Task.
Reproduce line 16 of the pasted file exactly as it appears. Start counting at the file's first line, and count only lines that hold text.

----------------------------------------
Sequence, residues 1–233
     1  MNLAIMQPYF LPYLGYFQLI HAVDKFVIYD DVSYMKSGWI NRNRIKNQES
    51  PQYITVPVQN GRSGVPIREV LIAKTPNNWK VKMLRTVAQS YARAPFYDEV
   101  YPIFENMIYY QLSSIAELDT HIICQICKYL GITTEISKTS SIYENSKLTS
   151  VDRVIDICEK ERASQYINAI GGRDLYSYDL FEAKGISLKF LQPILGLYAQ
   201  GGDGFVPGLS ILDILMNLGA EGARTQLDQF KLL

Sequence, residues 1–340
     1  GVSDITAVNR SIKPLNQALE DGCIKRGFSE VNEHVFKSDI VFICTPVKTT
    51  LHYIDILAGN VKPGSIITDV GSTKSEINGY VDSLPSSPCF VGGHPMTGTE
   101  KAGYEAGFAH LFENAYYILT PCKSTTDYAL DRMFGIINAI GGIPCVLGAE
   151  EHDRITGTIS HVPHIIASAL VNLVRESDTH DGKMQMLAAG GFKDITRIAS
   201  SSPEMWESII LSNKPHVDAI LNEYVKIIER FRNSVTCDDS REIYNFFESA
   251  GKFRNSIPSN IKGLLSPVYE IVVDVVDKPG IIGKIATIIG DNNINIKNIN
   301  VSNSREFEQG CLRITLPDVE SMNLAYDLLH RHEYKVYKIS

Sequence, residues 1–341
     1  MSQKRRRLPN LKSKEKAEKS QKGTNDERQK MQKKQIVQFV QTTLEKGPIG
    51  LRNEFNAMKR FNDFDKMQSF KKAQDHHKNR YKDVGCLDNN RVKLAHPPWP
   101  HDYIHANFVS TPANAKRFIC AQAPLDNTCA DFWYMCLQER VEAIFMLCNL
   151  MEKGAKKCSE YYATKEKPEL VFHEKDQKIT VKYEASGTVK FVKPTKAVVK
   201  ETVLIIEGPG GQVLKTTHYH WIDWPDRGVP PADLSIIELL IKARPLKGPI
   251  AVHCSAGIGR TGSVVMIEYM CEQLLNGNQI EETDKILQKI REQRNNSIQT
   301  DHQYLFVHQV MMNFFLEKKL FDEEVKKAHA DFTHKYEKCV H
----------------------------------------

     1  MSQKRRRLPN LKSKEKAEKS QKGTNDERQK MQKKQIVQFV QTTLEKGPIG